Before proceeding, let’s dwell for a moment on the mental images the group’s name conjures up. I’m thinking about plastic bins with recycling logos on their sides, filled by conscientious Americans with soup cans, beer bottles, and aluminum foil.

Perhaps you pull up a different mental image. But whatever it is, I’m pretty sure it’s not a big hole in the ground with toxic coal ash in it. That little bit of misdirection is probably just what the marketing types of the coal and coal ash industry had in mind when this …

March 1, 2010 by Rena Steinzor

The congressional hearings so far on “sudden unintended acceleration” (SUA) in Toyota cars should have made two truths obvious to Washington policymakers. First, the strategy of counting on major manufacturers to voluntarily ensure that their consumer products are safe is unworkable in a competitive market, and second, safety agencies like the National Highway Traffic Safety Administration (NHTSA) need to walk softly but carry a very large stick.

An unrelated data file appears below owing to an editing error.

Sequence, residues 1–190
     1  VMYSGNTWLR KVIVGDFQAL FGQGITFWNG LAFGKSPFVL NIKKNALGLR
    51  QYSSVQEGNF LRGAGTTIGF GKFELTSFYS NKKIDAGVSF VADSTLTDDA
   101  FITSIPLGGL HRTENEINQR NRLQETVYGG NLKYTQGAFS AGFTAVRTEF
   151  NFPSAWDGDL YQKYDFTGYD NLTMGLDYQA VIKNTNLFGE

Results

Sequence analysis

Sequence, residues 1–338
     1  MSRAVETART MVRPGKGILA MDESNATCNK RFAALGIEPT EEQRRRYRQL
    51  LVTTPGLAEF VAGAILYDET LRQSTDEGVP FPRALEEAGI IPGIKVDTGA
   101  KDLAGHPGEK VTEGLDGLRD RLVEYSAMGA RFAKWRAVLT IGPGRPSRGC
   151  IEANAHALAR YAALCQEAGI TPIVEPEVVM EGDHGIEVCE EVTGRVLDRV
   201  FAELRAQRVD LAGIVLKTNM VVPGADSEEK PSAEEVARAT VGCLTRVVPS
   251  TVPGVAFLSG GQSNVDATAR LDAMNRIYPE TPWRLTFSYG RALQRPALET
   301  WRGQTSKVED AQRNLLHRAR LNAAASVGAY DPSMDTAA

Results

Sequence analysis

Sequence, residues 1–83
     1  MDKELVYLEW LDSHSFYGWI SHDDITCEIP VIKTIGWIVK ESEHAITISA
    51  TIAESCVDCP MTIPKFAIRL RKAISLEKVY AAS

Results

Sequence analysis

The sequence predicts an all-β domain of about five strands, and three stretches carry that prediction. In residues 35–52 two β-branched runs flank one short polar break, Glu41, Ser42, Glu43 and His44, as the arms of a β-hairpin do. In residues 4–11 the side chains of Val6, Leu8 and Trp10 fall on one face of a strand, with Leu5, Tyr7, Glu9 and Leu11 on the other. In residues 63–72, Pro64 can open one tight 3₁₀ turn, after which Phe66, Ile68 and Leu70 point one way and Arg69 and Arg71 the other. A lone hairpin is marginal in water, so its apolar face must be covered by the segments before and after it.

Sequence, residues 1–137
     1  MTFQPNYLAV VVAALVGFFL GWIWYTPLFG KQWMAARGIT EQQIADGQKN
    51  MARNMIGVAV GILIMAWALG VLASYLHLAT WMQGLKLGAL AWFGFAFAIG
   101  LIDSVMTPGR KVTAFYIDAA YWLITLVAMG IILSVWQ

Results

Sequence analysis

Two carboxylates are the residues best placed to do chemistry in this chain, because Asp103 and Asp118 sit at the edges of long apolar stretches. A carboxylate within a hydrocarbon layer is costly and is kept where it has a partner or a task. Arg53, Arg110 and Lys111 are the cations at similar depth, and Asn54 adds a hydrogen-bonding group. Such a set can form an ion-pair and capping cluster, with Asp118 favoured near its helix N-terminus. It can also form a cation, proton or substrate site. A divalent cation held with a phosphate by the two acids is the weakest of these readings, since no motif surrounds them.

Gone are the days when we could reasonably expect government technical experts to shadow manufacturers’ design engineers in order to coax them into taking care, even in a market with fewer than ten major manufacturers. But NHTSA still should have stepped out in front of the strong industry trend to rely on electronic controls or, as it is colloquially known, “driving by wire,” which is the likely source of SUA, at least in the Camry, and required all manufacturers to …

March 1, 2010 by Ben Somberg

Water pollution / water law on the front page of the Times and the Post on the same day?! Yep.

NYTimes: Rulings Restrict Clean Water Act, Hampering E.P.A.

WashPost: Rising with a bullet among top pollutants: Number Two

More on CPR's Work & Scholars.
March 31, 2010

Big Chicken Plays Chicken Little in Maryland While Assaulting Academic Freedom and Access to Justice in the Meantime

March 29, 2010

50 OIRAs? Another State (New Jersey) Drinks the Regulatory Review Kool-Aid

March 26, 2010

EPA Proposes to Veto Mountaintop Removal Project

March 26, 2010

If Not at Yucca Mountain, then Where?

March 24, 2010

New Health and Safety Journalism Publication Launches Today

March 24, 2010

Incorporating the Best of Cantwell-Collins into KGL: Don't Forget the Missing Instrument

March 23, 2010

Republicans Senators Target Fee Recoveries in Public Interest Suits Against Federal Agencies